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EDITORIAL: Who is watching out for the smelt?

William Ryland of Reef’s Harbour offloading caplin from boats landing at the government wharf in Goose Cove in this file photo
William Ryland of Reef’s Harbour offloading caplin from boats landing at the government wharf in Goose Cove in this file photo

Earlier this month, the World Wildlife Fund issued a report on forage fish — the littler fish that often make up dinner for more lucrative species.

The forage species — mackerel, caplin, smelt, herring — often get little coverage, because they haven’t traditionally been the mainstay of the fishing industry. Caplin, for example, is caught in Newfoundland exclusively during the short spawning season when the females are heavy with eggs. They’re a valuable catch, for sure, but a short-term one. Herring also has its short seasons, though, throughout the Atlantic region, it’s worth close to $40 million annually.

The WWF pointed out that forage fish might well be worth more in the water than in a fishing net — that every $4.33 in forage species caught off Newfoundland, for example, would support $13.43 worth of a larger, more valuable commercial fish species which loses its dinner. Likewise, in the northern Gulf of St. Lawrence, $31.80 in forage fish landed on the deck would be dinner for $193.47 of larger species.

Now, some may argue with the WWF and have issues with its particular methodologies — fishermen might not agree, for example, with the report’s conclusion that the spring herring fisheries in the Gulf of St. Lawrence and the mackerel fishery across the Maritimes are both in the critical zone.

What is startling, though, is that, out of the 27 individual forage stocks the WWF looked at, in 21 different fisheries, including all Newfoundland caplin stocks, there was not enough information to even assess the current status of fish stocks.

Heather Grant of the Ecology Action Centre in Halifax told the CBC her group had done similar analysis of forage fish, with similar results. And she was pretty clear about the problem that lack of information creates: “We can’t manage them if we don’t know how well or how badly they’re doing and if we don’t know what factors are influencing their health. … I think that’s something that really needs to be made a priority because it’s hard to manage a species well when you have no idea what its status is.”

It’s a good point, and one you’d hardly think would have to be made again: there isn’t much of the Atlantic fishery that hasn’t seen the direct result of fisheries collapse in the past 20 years, and the argument that’s always made after the fact is that we simply didn’t have enough information about what was going on under the waves.

Forage fish may not have the prominence of other fish stocks, or the lucrative pride of place at the wharf of snow crab or lobster or swordfish.

But you can’t make a model of the health of the stocks of the big fish or the crustaceans, without knowing first whether they’re able to find anything for their own dinner.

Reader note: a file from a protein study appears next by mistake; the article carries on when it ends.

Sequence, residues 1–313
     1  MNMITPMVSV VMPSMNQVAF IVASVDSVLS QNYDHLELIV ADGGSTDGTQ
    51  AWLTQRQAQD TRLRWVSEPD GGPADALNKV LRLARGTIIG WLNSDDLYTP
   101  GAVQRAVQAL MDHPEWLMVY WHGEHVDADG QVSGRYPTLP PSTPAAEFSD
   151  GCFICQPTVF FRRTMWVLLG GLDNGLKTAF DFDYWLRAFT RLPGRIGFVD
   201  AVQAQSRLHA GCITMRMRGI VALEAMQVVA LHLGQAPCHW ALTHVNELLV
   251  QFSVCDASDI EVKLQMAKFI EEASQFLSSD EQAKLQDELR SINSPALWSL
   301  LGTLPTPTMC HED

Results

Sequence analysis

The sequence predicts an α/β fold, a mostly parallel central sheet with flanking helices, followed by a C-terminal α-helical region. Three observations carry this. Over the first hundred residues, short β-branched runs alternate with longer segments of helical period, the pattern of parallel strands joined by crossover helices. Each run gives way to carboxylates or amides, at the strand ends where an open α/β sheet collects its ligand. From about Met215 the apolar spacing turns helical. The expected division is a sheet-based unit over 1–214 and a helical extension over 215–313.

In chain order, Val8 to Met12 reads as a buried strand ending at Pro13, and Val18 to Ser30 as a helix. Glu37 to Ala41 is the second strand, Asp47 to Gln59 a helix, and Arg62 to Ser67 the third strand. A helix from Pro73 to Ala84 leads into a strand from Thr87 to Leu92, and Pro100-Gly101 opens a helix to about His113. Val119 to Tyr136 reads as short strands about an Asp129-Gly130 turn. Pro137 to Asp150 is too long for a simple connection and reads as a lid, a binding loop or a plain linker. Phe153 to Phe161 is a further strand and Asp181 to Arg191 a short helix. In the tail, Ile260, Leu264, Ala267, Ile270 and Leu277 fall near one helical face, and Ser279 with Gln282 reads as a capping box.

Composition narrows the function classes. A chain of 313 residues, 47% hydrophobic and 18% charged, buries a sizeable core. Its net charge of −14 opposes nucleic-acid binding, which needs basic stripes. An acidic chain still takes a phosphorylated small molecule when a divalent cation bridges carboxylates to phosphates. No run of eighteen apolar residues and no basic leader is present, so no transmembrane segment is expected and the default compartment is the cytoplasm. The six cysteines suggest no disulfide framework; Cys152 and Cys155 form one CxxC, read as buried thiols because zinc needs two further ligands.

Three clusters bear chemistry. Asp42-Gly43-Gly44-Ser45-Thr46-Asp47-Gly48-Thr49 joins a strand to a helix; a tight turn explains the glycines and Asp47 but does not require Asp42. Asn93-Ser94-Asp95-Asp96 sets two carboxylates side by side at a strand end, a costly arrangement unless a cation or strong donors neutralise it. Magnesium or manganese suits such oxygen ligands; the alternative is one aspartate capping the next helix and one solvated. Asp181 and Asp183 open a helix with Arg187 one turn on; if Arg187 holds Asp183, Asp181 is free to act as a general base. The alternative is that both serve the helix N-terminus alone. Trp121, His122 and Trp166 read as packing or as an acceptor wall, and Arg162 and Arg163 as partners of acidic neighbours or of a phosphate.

The forage species — mackerel, caplin, smelt, herring — often get little coverage, because they haven’t traditionally been the mainstay of the fishing industry. Caplin, for example, is caught in Newfoundland exclusively during the short spawning season when the females are heavy with eggs. They’re a valuable catch, for sure, but a short-term one. Herring also has its short seasons, though, throughout the Atlantic region, it’s worth close to $40 million annually.

The WWF pointed out that forage fish might well be worth more in the water than in a fishing net — that every $4.33 in forage species caught off Newfoundland, for example, would support $13.43 worth of a larger, more valuable commercial fish species which loses its dinner. Likewise, in the northern Gulf of St. Lawrence, $31.80 in forage fish landed on the deck would be dinner for $193.47 of larger species.

Now, some may argue with the WWF and have issues with its particular methodologies — fishermen might not agree, for example, with the report’s conclusion that the spring herring fisheries in the Gulf of St. Lawrence and the mackerel fishery across the Maritimes are both in the critical zone.

What is startling, though, is that, out of the 27 individual forage stocks the WWF looked at, in 21 different fisheries, including all Newfoundland caplin stocks, there was not enough information to even assess the current status of fish stocks.

Heather Grant of the Ecology Action Centre in Halifax told the CBC her group had done similar analysis of forage fish, with similar results. And she was pretty clear about the problem that lack of information creates: “We can’t manage them if we don’t know how well or how badly they’re doing and if we don’t know what factors are influencing their health. … I think that’s something that really needs to be made a priority because it’s hard to manage a species well when you have no idea what its status is.”

It’s a good point, and one you’d hardly think would have to be made again: there isn’t much of the Atlantic fishery that hasn’t seen the direct result of fisheries collapse in the past 20 years, and the argument that’s always made after the fact is that we simply didn’t have enough information about what was going on under the waves.

Forage fish may not have the prominence of other fish stocks, or the lucrative pride of place at the wharf of snow crab or lobster or swordfish.

But you can’t make a model of the health of the stocks of the big fish or the crustaceans, without knowing first whether they’re able to find anything for their own dinner.

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